Monday, July 6, 2015

Remarks on Recent Reads

Welcome to Remarks on Recent Reads! Here are mini-reviews of four books that I read in June, and I highly recommend each of these books.

Afternoon of a Good Woman by Nina Bawden (1976). I loved Bawden's story of Penelope, a London magistrate, who has made the decision to leave her husband. As she goes through her day, we see Penelope in her public role in court, but as she hears cases, she's also examining her own life and her decisions and whether she can go through with leaving her husband.

The Other Woman's House by Sophie Hannah (2012). Another gripping psychological thriller by Sophie Hannah. When Connie can't sleep, she goes online and looks at 11 Bentley Grove, a Cambridge house for sale featured on a real estate web site. As she examines the photos of each room, she sees a photo of a woman lying face down in blood in the living room. When she tries to show her husband the photo, it's disappeared. This sets in motion events which bring to a close to the honeymoon of detectives Charlotte "Charlie" Zailer and Simon Waterhouse. The plot is complex and had me guessing until the end. This is the sixth book in the series. I can't remember when I've read a thriller that left me with so many questions after the first chapter.

The Unlikely Pilgrimage of Harold Fry by Rachel Joyce (2013). What's not to like about this story? Harold Fry receives a letter from Queenie Hennessey, an old friend he hasn't heard from in twenty years. She's in a hospice dying from cancer. Feeling ineffectual and wanting to do something, Harold decides to walk from his home in the south of England to where Queenie is in the north of England at Berwick-on-Tweed, and he has an amazing adventure along the way.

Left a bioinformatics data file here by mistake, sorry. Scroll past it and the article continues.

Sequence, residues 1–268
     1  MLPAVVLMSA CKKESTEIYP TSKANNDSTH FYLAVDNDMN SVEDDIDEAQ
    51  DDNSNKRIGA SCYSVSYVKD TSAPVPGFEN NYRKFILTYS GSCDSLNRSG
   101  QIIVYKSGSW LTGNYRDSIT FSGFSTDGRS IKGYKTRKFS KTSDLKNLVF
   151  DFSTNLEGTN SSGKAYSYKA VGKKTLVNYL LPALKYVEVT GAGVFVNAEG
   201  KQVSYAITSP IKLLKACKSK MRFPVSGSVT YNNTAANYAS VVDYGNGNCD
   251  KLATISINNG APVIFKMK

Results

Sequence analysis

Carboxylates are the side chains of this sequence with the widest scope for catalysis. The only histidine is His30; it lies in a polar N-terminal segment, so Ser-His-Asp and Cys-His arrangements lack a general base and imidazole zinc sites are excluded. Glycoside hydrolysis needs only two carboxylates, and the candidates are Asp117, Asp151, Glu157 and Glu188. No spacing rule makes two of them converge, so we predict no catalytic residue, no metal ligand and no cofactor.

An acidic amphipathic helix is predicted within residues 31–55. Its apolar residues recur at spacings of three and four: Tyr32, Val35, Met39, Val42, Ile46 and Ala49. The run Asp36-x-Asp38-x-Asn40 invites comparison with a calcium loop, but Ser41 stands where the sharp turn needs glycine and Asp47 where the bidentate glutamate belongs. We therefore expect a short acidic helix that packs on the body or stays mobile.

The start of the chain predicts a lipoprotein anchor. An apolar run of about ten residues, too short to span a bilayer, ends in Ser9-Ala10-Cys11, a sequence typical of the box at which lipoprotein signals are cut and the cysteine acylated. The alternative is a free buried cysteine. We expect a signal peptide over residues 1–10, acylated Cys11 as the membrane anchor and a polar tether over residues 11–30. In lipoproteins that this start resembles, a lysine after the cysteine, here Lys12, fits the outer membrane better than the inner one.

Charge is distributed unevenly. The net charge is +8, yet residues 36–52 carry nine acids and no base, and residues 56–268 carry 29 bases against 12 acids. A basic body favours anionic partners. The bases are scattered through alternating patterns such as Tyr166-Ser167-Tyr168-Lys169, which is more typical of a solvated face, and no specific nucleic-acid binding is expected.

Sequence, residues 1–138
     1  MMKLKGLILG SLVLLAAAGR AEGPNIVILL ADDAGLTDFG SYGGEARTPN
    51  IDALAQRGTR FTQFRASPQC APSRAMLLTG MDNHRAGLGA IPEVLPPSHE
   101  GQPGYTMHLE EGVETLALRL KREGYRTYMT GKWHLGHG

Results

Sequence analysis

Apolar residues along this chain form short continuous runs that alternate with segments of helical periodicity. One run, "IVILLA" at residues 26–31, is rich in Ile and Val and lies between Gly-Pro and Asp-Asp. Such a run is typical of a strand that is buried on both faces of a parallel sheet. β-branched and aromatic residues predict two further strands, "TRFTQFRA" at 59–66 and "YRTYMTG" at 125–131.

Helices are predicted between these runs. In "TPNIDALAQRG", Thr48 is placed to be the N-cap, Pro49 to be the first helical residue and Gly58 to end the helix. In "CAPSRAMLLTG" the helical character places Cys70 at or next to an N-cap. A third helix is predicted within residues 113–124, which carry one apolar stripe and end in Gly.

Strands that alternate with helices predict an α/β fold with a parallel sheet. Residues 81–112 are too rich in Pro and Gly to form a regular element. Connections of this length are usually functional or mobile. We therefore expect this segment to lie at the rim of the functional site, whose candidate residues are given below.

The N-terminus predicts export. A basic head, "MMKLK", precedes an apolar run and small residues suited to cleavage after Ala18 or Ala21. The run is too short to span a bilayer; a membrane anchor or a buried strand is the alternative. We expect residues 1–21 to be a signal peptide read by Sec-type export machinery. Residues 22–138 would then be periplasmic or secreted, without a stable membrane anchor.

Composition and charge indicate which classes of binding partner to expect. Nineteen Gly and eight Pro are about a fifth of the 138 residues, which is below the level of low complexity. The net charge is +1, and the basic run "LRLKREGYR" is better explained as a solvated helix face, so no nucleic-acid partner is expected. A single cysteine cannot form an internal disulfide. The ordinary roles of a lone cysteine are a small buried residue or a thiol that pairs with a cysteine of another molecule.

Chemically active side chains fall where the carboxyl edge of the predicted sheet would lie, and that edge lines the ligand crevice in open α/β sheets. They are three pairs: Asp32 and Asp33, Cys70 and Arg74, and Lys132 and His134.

Voyage in the Dark by Jean Rhys (first published in 1934). Reading this novella, I felt like I was in the territory of Sister Carrie by Theodore Dreiser with a vulnerable young woman alone in the big city with no money, only Anna Morgan is not so lucky as Carrie. Anna has moved to England from the West Indies. She works as a showgirl, struggling to make ends meet. For awhile, she has a relationship with a rich man who takes care of her. Voyage in the Dark is notable for its modernist style and for Anna's dreamlike flashbacks about her old life which she misses. She identifies strongly with the culture of the island where she grew up and wishes that she could be black. In reading about the book, the story is autobiographical about Rhys' life when she first came to England. The writing in Voyage in the Dark is stark, and the story is bleak, but I had to keep reading.

Have you read any of these books? If so, what are your thoughts? What are you reading this week?


  1. Harold Fry was such a lovely book! I've been considering The Love Song of Miss Queenie Hennessy ever since it came out.

    Voyage in the Dark sounds interesting,too, especially since I read Sister Carrie earlier this year.

  2. I loved Harold Fry and think that The Other Woman's House sounds gripping. I need to read that one.